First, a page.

J. R. E.
The American public is finally becoming more aware of the military development and stockpiling of chemical and biological weapons. Several events have contributed to this awareness and, as a result, to a certain amount of apprehension. In March of last year, the accidental release of nerve gas from the Army Proving Ground at Dugway, Utah, killed some six thousand sheep on adjacent ranges (1) (a fact that the Army at first denied but later admitted to a Congressional committee). More recently, public alarm has been aroused by the Army's plan to transport by rail large amounts of lethal nerve gas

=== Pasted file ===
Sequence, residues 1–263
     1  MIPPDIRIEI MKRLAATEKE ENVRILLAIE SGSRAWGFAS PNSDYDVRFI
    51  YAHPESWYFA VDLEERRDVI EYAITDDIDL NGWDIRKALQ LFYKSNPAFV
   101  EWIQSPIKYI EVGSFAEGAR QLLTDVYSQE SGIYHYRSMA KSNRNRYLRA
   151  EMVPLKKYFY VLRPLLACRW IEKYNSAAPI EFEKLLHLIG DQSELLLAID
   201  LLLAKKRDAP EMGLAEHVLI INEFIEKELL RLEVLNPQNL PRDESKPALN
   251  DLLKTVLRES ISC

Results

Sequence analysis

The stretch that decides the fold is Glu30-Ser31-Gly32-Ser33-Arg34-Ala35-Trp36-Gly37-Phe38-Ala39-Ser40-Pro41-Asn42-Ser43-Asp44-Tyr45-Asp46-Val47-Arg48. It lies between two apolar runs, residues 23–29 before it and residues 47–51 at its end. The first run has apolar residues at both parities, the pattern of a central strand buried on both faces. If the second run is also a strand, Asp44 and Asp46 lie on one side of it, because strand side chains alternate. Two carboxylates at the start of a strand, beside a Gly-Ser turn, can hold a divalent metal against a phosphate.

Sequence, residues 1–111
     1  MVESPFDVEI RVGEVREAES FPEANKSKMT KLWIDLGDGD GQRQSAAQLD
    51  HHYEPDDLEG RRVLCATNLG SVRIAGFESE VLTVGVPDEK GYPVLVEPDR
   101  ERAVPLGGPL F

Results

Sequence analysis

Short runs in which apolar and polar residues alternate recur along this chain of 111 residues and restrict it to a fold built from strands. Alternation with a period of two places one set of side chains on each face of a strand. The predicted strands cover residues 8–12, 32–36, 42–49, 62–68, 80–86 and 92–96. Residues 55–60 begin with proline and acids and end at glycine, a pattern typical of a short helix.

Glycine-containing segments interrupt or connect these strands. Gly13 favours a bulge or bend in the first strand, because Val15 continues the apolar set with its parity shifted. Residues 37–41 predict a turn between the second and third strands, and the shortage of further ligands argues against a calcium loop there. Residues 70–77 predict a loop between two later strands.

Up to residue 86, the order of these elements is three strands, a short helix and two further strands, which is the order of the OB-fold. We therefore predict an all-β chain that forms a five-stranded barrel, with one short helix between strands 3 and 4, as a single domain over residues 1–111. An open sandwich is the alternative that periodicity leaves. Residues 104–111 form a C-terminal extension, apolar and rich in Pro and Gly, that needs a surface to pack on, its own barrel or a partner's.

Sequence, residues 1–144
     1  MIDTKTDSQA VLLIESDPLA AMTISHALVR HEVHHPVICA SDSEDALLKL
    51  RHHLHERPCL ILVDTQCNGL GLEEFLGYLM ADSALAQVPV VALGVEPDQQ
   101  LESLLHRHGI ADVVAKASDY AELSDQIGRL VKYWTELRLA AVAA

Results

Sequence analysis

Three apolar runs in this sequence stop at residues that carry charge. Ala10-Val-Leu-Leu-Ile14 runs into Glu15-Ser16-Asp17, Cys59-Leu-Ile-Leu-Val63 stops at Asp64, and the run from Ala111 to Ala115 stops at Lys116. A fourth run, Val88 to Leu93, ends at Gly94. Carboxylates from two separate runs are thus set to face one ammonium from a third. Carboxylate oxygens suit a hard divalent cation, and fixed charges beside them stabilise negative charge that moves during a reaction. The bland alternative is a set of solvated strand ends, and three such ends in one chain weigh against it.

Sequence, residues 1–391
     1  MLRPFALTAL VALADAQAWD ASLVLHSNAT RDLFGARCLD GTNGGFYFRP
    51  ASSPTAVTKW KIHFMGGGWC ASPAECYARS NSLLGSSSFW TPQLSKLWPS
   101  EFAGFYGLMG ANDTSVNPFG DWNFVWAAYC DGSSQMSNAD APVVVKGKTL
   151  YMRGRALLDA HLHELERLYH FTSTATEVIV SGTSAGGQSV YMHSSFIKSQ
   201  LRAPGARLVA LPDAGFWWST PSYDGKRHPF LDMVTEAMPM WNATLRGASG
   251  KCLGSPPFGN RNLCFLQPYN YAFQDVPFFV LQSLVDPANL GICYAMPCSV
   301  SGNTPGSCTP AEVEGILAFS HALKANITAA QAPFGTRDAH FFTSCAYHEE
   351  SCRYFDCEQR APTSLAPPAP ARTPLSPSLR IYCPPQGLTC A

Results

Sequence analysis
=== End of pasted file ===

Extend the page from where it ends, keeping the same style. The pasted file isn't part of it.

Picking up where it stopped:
E. JR. Chemical and Biological Weaponry and Warfare. Ann Intern Med. 1969;71:204–208. doi: 10.7326/0003-4819-71-1-204
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Published: Ann Intern Med. 1969;71(1):204-208.
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